Unreal is the first installment of the Unreal series, and was the first 3D venture by Epic Games and Digital Extremes. The game was approved by GT Interactive in 1996 and released on May 22, 1998 to the world, however by several accounts work on the engine actually started sometime around 1994. It was also the first game to use the Unreal Engine.
Unreal provided a single player experience along with a multiplayer mode that allowed for up to 16 players. It was rated 'M' for Mature by the ESRB for intense violence.
Synopsis[edit | edit source]
Development history[edit | edit source]
Work on Unreal began in 1994 when James Schmalz, founder of Digital Extremes, showed Cliff Bleszinski a side project he had been working on. At the time, Schmalz was creating all of his own content, and programming the game all by himself. The game had not yet been fully realized, and Schmalz was creating all of his levels on paper. According to Schmalz, the idea for the game was from DE, but Epic had the technology to realize it.
A short time later, Schmalz showed what he had been working on to Tim Sweeney, founder of Epic MegaGames (later renamed to Epic Games). Tim was impressed and began working on a level editor for Schmalz to use to build his engine. As time went on, many people became involved in the process. Some of the key people of the remote employees were Mark Rein which was brought in to do PR, Steven Polge that was hired to work on the AI and Shane Caudle who was called to make some of the game's maps. For a time, many of the people working for Epic were doing so remotely.
Early on development, the team used clay models scanned into the game. After the switch to 3D-modelling based tools such as Maya and 3DMax, these models were either deleted or heavily modified. The game missed internal deadlines, suffered delays, and lots of assets were made that never got used such as the Quadshot, named from it being a quad-barreled shotgun, which is never seen in the game. It was removed for being overpowered and redundant with the Flak Cannon, however its mesh, sounds, and script can be seen in the Editor. Also, a dragon, gargoyle, chameleon, squid, and some other creatures were shown in tech demos and displayed on pictures and ads, but none of them were ever used in the final, finished game. Some weren't seen in the game because the places which they were in were cut to avoid making a game too long to complete, others were either replaced (like the Krall, who took the place of a centaur-like creature) or removed altogether (like the Dragon), because they disturbed the quality of the game, the team behind which had the goal to make the game live to its full potential. Many maps were also cut from the final version: Soledad, Morose, Nexus, Nexus End, Mercenary Shipping Lane and Cryox. The Deathmatch maps DmMorbfanza, Sky14, DmSplash and the Kill the Cow gametype were also cut at the last moments, while DKNightOp was instead moved to the Darkmatch gametype. Other map that was considered but got cut early on was DM-Gothic, which eventually found its way very late in the development of Unreal Tournament.
Out of all those ideas, however, the one that Tim Sweeney still laments not being able to implement was to create the game as a 3D MMO back then. It's described as jumping between servers using a game hub. The cut level The Gateway is the only existing proof of that feature ever being thought.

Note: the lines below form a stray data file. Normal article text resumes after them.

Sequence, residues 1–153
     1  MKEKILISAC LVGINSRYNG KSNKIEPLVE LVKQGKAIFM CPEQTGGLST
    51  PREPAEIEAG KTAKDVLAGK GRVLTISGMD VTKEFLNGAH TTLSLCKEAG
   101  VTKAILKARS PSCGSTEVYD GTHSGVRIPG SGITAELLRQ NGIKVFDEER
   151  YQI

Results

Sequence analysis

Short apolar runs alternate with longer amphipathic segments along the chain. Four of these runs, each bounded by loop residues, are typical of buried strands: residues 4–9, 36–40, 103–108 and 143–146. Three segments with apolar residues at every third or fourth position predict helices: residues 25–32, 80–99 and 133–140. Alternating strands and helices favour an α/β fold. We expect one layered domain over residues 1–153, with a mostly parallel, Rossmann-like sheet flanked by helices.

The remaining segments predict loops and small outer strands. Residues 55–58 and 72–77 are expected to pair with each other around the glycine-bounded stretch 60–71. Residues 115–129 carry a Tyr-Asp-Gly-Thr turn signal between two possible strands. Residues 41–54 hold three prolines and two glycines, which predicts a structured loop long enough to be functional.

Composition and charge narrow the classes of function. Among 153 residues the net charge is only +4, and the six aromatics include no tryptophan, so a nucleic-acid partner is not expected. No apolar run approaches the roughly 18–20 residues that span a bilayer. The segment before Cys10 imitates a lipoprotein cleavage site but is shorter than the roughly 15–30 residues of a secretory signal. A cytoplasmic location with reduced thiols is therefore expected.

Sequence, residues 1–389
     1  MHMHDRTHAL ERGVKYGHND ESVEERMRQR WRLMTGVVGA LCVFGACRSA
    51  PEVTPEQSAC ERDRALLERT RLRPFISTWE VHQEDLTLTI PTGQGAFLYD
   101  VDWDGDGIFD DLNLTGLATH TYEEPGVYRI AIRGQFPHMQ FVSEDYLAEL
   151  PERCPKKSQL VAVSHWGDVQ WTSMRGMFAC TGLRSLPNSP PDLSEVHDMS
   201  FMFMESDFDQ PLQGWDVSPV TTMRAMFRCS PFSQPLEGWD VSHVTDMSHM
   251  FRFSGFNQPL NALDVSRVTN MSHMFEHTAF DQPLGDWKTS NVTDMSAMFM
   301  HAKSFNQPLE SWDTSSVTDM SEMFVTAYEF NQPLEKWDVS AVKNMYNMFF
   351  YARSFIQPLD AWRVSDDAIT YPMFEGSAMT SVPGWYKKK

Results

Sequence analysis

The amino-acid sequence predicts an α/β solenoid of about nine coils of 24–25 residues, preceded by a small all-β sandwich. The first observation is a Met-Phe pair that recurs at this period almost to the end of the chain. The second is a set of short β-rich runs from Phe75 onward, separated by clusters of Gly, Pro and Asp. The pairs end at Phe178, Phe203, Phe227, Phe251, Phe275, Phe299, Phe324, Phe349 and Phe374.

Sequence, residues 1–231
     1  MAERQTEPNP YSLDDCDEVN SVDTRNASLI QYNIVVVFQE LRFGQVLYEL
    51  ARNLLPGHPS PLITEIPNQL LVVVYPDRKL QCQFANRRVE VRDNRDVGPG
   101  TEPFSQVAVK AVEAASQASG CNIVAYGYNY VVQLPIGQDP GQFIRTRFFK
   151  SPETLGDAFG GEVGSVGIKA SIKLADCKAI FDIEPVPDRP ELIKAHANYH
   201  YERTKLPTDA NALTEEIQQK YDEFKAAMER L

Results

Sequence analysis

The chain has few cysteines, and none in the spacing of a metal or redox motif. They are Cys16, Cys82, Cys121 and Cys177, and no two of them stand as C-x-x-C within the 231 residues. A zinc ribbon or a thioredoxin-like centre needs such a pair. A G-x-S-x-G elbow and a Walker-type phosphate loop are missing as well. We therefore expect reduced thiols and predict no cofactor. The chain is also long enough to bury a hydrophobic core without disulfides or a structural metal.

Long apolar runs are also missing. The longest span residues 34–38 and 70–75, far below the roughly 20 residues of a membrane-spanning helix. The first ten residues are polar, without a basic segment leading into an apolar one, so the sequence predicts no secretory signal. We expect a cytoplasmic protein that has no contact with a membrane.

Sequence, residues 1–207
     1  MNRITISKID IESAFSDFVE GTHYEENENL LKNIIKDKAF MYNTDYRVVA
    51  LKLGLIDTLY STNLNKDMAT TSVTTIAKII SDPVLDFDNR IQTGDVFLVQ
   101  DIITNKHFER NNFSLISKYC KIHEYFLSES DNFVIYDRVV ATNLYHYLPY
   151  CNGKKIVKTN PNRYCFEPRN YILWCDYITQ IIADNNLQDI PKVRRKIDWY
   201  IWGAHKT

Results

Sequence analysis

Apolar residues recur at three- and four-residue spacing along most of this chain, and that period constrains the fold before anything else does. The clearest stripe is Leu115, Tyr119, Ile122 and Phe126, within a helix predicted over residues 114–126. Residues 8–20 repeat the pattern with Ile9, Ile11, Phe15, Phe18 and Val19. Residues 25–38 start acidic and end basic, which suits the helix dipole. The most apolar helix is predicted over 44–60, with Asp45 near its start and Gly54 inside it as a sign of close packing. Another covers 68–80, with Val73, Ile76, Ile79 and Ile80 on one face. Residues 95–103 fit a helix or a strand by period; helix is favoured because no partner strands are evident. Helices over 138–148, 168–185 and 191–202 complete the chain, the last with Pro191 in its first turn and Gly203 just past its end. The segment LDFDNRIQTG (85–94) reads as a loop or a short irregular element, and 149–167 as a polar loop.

The game was initially planned for an April 1997 release. A beta was released that year, allowing players to get a feel of the gameplay. The beta was seen at GDC (Video Game Developer Conference) '97. Those who saw the demo expected the game to be complete by this time; however, the AI was unfinished, the levels, lacking variant textures, looked repeating, the sound effects were bad, and the game was overall too long to complete in a fair time. This resulted in the development team, up to that point using a "Virtual Team" scheme, all centered in Digital Extremes Waterloo offices, returning to their homes a year later, after completing the game. Roughly one year later, the game was released and its level of detail put video game publishers on notice: a new age of gaming had arrived.
A demo was alluded to many times by various people at Epic Games throughout the life of Unreal, however the only demos that were ever released came bundled with various hardware. Many people saw this as a negative to Unreal, as there was no real way to try the game before players bought it, however Epic learned this lesson, and installments of the Unreal franchise after this game would feature playable demos, some of which did impact on sales numbers. There were also discussions for console versions, the chosen platforms being Sony's Playstation 1 (called Unreal: Rise of Jrath) and Nintendo's Nintendo 64DD. However, the dev team for the former version couldn't get the job done in time, while Epic eventually lost interest in the 64DD and its capabilities, and the device itself never made it outside of Japan. A Dreamcast port was also in the works, but GT Interactive lost the founding and it was cancelled.
The game was finally released on May 22, 1998.
Release dates[edit | edit source]
- May 22, 1998 - Unreal (PC) - 1 CD
- January 21st, 2000 - Unreal Gold (PC) - 1 CD
- Included Return to Na Pali.
- August 29, 2001 - Totally Unreal (PC) - 4 CDs
- November 6, 2006 - Unreal Anthology (PC) - 1 DVD
A full version of Unreal was released with certain S3 Video Cards to show off Unreal's S3TC capabilities. This version came with several S3TC showcase levels that can be found online.
A free trial of Unreal was released with certain Creative products to show off Unreal's EAX capabilities.
On May 22, 2018, in honor of the game's 20th anniversary, Unreal Gold was released for free on Steam and GOG for a 48-hour time period.
Post-release content[edit | edit source]